4. Alias Grace– This Netflix miniseries adaptation of Margaret Atwood’s novel of the same name is pretty faithful. It’s six episodes long, and doesn’t seem to aspire to renewal, which makes sense because the novel comes to a definite conclusion. What I appreciated about the adaptation here was the fact that it maintained the same ambiguity that the novel did. Things aren’t clearly laid out, but rather are left open to interpretation.

5. Anne of Green Gables– Anne has been given a wonderful miniseries adaptation that I discuss a bit here. But that doesn’t apply because according to my self-imposed rules I can’t choose anything that has only 2 or 3 parts. However, Netflix’s Anne with An E applies. It makes some interesting creative choices and significantly diverts from the cannon toward the end of the first season. I haven’t seen the second season yet for that reason.  I need to be in the right mood to be willing to accept those divergences.

6. Sharp Objects– I’m still in the process of watching this miniseries based on the novel by Gillian Flynn, so if there are any significant changes in later episodes, don’t tell me! So far it seems like they’re sticking fairly close to the book though.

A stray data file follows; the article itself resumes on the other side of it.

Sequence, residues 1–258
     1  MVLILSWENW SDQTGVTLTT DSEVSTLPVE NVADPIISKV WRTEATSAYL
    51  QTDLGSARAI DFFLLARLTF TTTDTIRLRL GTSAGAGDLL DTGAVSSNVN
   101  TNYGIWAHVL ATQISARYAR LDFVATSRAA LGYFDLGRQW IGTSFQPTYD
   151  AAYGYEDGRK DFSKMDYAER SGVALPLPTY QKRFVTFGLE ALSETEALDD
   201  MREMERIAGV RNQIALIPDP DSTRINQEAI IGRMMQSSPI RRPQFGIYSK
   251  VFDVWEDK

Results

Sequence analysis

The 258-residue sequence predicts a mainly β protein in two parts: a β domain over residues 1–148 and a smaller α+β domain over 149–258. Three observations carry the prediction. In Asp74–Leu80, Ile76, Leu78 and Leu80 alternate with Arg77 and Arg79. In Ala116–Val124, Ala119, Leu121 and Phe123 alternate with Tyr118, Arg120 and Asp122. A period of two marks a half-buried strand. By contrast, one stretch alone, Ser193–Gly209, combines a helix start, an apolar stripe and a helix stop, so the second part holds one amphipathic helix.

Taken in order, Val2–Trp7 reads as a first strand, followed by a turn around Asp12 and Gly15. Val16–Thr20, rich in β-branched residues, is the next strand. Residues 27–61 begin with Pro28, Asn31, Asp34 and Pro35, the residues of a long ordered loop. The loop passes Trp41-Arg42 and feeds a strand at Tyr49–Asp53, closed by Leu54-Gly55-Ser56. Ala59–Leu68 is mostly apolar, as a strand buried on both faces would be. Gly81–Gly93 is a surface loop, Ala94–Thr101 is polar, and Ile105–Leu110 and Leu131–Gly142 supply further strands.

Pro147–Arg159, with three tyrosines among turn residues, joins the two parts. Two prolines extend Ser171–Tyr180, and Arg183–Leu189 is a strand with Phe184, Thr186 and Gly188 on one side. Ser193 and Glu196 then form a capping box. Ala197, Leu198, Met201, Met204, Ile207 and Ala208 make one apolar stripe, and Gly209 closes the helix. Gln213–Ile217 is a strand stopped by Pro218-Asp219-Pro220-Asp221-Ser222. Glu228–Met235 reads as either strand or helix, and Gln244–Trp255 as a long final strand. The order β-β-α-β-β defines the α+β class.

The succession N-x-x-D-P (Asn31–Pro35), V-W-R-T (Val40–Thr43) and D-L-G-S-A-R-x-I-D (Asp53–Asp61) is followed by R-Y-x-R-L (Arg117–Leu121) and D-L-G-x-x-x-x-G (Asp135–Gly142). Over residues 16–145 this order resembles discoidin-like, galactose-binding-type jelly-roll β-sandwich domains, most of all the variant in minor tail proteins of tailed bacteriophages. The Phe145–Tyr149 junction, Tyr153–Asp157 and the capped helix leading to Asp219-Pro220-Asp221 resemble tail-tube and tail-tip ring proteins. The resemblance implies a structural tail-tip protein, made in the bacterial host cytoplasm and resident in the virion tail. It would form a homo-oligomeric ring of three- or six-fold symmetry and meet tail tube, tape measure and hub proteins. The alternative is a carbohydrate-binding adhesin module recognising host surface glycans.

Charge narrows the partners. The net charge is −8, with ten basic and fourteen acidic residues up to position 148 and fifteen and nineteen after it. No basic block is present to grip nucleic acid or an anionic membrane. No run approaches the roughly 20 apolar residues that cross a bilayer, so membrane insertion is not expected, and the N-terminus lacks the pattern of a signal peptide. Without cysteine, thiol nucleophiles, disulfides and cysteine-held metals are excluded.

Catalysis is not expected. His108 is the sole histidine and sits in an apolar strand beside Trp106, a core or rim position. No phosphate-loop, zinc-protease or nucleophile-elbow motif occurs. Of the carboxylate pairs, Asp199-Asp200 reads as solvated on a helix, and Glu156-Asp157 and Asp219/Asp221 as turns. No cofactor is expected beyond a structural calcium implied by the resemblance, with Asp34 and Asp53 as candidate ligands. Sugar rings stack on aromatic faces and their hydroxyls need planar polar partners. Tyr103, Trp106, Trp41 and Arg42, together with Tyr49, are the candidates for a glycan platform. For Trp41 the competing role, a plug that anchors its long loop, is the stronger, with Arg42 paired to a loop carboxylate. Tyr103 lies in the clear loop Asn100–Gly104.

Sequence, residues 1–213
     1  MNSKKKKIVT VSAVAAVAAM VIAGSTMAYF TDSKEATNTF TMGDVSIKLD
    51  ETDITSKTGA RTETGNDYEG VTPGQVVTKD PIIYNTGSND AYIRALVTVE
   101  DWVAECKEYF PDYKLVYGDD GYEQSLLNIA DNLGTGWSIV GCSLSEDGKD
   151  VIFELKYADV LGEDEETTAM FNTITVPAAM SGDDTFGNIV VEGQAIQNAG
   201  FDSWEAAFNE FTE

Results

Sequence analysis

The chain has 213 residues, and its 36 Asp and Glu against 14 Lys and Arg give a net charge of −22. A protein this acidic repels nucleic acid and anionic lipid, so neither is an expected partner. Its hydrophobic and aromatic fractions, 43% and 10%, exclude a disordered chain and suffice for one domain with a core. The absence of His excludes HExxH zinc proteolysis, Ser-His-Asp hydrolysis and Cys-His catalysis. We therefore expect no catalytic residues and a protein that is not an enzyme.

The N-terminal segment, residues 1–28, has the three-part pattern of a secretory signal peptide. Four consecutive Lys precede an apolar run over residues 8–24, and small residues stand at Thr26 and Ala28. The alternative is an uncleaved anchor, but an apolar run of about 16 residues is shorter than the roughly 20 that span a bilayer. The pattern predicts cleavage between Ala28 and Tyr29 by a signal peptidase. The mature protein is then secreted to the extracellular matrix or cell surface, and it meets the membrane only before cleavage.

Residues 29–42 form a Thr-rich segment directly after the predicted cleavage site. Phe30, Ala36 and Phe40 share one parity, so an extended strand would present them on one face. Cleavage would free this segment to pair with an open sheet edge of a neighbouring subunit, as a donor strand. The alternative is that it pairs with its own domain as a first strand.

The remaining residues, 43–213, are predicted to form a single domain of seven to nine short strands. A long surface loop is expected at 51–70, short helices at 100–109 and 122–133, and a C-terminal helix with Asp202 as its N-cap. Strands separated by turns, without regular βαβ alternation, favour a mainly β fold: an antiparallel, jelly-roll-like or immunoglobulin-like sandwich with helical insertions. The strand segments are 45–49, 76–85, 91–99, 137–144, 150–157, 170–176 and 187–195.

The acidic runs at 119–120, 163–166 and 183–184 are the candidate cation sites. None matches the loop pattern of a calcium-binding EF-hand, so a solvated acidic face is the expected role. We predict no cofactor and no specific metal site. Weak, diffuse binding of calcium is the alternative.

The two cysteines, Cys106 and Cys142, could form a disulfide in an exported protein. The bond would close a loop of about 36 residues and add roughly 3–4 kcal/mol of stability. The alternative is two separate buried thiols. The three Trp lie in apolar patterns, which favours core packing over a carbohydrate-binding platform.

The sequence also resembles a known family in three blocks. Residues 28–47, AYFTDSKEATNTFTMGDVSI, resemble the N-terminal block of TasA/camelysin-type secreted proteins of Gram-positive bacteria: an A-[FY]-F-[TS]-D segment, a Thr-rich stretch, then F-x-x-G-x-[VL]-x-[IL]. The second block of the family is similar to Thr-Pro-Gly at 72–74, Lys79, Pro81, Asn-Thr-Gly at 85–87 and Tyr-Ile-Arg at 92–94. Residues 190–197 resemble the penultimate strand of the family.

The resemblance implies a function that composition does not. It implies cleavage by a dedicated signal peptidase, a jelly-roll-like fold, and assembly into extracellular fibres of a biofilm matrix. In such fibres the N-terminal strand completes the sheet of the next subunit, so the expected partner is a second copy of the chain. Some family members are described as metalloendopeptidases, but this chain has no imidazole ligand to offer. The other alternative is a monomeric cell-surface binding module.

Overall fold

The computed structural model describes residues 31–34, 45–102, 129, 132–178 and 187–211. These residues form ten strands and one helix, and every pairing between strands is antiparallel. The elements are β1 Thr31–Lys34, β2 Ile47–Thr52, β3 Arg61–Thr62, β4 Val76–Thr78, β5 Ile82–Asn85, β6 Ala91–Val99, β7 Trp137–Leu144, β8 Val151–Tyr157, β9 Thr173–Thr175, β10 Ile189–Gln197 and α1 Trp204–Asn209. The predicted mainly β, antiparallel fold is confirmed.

7. Dexter– The first season of this show stays pretty close to Jeff Lindsay’s first novel in the book series that inspired it. The second season diverts so that while the premise is the same (sympathetic serial killer works with the cops by day, takes out bad guys by night, and tries to balance his “normal” life with it all) but not much else is. Though I’ve only read the first two books of the series so perhaps there are returns later on. Also a note, that in the last few seasons the show takes a major downturn.

8. The Lynley and Havers series– The TV show for some reason focuses more on Inspector Lynley than Havers (who is far more attractive and far less interesting in her TV incarnation than in the books) but otherwise, the first few seasons of this show are fairly in line with the source material by Elizabeth George.